4 March 2010 The global financial and economic downturn has reversed the gains made in some countries towards attaining the anti-poverty targets world leaders pledged to achieve by 2015, the President of the General Assembly said today, stressing the importance of a high-level meeting to be convened at the United Nations in September to discuss progress.
“This crisis, coupled with the negative effects of climate change and higher food and energy prices, have pushed millions of more people into poverty. The achievement of all of the goals by 2015 is now under threat,” Ali Treki told an informal meeting of the Assembly in preparation for the September summit.
Secretary-General Ban Ki-moon has called on world leaders to attend the summit, which aims to boost efforts to achieve the Millennium Development Goals (MDGs), which seek to slash a host of social ills, ranging from extreme poverty and hunger to maternal and infant mortality to lack of access to education and health care, all by the target date of 2015.
Mr. Treki noted that much progress has been made in many countries, including the hundreds of millions of girls who are now enrolled in school. However, there has been little, or mixed, progress in other areas such as reducing maternal mortality.
“The task before us is to reach consensus on the ways and means that will allow all of us achieve the MDGs by 2015. While the task is daunting, I believe that with the commitments made by all, developed and developing countries, we still have the chance of making the progress we all aspire for.
“I am hopeful that by the end of this process of consultations, we will agree on a road map that will chart our collective efforts for the coming five years.”
He added that the high-level plenary could not come at a better time. “It is important that this summit is a success because it is the last chance for the international community to act together to make the final push towards achieving all of the goals.”
In preparing for the summit, the Assembly President urged all Member States to reflect on the progress they have made to reach each of the eight goals, to ask whether they have done enough to reduce poverty, to tackle those goals which are lagging far behind, and to give real meaning to the idea of a new global partnership.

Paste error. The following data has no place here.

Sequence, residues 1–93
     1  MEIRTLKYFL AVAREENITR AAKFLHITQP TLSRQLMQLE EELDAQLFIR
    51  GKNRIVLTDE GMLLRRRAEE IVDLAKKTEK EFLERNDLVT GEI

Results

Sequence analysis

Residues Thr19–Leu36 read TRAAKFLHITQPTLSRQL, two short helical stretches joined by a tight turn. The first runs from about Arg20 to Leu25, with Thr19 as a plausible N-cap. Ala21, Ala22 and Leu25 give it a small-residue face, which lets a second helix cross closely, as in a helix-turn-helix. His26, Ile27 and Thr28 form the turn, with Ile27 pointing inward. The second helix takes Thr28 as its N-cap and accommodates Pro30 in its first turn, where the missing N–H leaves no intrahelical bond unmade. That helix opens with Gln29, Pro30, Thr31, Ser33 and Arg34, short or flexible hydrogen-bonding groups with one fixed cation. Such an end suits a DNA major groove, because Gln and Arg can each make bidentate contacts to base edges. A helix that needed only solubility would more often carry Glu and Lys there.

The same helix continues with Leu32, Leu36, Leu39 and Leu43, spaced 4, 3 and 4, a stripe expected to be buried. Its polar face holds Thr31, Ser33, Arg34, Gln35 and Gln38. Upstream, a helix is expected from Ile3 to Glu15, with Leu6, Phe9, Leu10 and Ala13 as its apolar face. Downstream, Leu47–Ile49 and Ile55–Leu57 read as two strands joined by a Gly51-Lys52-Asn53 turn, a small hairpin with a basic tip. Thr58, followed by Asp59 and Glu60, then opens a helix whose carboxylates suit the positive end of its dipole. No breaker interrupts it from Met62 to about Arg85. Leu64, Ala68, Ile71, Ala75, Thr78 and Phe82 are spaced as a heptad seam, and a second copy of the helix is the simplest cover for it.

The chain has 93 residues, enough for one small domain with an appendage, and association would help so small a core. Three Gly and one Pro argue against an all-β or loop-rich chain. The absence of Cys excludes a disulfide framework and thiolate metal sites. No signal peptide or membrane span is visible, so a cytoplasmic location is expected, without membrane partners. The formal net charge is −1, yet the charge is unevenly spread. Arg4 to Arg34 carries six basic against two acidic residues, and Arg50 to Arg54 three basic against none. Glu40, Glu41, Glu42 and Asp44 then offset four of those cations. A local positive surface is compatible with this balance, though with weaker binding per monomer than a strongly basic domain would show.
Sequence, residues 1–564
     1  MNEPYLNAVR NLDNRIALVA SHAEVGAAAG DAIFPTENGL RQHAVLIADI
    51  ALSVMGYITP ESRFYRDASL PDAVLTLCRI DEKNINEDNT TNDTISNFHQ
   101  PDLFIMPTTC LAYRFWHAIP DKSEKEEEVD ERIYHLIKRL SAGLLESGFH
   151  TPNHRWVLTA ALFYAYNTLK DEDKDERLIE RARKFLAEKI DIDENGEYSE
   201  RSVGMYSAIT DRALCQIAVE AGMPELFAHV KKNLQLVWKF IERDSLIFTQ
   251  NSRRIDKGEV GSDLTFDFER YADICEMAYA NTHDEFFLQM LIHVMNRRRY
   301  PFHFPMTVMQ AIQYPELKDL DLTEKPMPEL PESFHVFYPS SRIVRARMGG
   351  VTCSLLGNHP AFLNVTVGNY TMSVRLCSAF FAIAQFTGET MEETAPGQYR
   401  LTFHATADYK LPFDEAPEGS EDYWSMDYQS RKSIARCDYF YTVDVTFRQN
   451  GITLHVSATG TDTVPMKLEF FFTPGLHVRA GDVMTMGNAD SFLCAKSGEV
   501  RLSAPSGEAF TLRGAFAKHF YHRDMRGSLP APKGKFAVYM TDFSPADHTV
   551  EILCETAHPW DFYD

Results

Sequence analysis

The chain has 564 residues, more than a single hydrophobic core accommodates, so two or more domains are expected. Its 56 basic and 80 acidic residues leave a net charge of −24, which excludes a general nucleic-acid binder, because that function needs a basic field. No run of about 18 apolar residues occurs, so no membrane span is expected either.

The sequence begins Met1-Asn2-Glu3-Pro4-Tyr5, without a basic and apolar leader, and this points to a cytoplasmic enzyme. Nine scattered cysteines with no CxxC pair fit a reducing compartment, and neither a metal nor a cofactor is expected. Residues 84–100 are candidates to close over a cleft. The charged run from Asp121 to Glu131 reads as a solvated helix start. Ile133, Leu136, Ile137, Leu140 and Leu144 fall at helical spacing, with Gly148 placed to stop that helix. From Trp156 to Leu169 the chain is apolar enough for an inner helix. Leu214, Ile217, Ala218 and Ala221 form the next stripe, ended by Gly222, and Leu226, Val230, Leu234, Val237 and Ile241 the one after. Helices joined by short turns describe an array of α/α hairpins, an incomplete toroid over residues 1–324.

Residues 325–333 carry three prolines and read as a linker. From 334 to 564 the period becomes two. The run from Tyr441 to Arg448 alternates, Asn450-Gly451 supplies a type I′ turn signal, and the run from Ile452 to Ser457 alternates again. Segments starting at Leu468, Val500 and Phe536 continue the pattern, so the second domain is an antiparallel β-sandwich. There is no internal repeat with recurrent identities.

Mr. Treki has started the process of preparing for the two-day informal interactive hearings with non-governmental organizations (NGOs), civil society and private sector, which he hopes will contribute to the successful organization and outcome of the September meeting.
In addition, a trust fund has been established to enhance the participation of representatives of NGOs and civil society from developing countries in the hearings.
“The poor cannot wait. We must not use the economic crisis, the food crisis or other setbacks as an excuse for failing to live up to our commitments,” Deputy Secretary-General Asha-Rose Migiro told the meeting, adding that the world has the knowledge and the resources to achieve all the MDGs.
“What is needed is decisive joint action. We need a clear agenda, with each actor – not just Governments but also other stakeholders – working efficiently, effectively and collectively.”
Ms. Migiro added that Mr. Ban General has decided to create three groups to engage in advocacy for the summit, which will be held in conjunction with the start of the Assembly’s annual General Debate which routinely brings dozens of heads of State and government to New York.
These are the “MDG Advocacy Group,” eminent personalities from all walks of life who will raise awareness; the “MDG Champions,” a group of celebrities and athletes who will lend their star power to this effort; and the “MDG Leaders,” business executives who have stood out for their strong commitment to the goals.
In addition, the Millennium Campaign will hold its annual “Stand up, take Action, Make a Noise for the MDGs” event over three days immediately prior to the summit. Last year’s Stand Up event attracted a record amount of more than 170 million participants.
“I hope we can do even better this year, and show the leaders travelling to New York that the world expects them to act,” said Ms. Migiro.
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